Bus services 'key for jobseekers'

4/5 jobseekers dependent on buses

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Thousands more people could find work if bus journeys were improved, according to a new report

Thousands more people could find work if bus journeys were improved, according to a new report.

A study for Greener Journeys, which promotes sustainable travel, found that four out of five jobseekers were heavily dependent on buses as they did not have access to a private vehicle.

Five billion bus journeys are made every year - three times as many as by rail - but services are under pressure because of spending cuts by councils, said the report.

Claire Haigh, chief executive of Greener Journeys, said: "The role of transport in bringing about economic and social prosperity is often significantly underestimated.

"This report is a key breakthrough in demonstrating just how important the bus is in creating and underpinning jobs and growth. We hope decision-makers take notice of original ideas such as our proposal for a bus bonus scheme - which would help commuters with bus commuting costs - as well as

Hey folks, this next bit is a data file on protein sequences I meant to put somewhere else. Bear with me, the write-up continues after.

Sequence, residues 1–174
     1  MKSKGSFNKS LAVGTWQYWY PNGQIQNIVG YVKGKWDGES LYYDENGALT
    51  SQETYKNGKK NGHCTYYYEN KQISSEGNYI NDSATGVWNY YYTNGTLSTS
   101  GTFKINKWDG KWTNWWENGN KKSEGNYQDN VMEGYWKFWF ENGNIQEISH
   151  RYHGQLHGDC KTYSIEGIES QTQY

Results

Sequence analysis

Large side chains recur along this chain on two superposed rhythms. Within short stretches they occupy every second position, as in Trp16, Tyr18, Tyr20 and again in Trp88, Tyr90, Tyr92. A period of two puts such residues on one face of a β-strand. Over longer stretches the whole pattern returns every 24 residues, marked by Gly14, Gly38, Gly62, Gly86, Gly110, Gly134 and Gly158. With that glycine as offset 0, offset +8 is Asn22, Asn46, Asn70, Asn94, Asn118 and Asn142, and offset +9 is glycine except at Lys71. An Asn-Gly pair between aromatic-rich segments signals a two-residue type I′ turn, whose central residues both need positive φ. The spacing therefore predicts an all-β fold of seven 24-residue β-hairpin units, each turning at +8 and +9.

how they can improve reliability and resilience of local transport networks, to harness the full potential
of the bus clearly outlined in this report."

Transport minister Baroness Kramer said: "Buses are the workhorse of the public transport sector, with millions of journeys taken every day. They cut carbon, congestion and drive economic growth. This research is a welcome further contribution to the evidence underpinning the importance of buses to people and to the economy."

Professor Peter Mackie and Daniel Johnson, co-authors of the report from the Institute for Transport Studies at the University of Leeds, added: "The bus is often underestimated as a mode of transport but our research over the last three years has clearly outlined how they drive economic growth, job creation and social cohesion."

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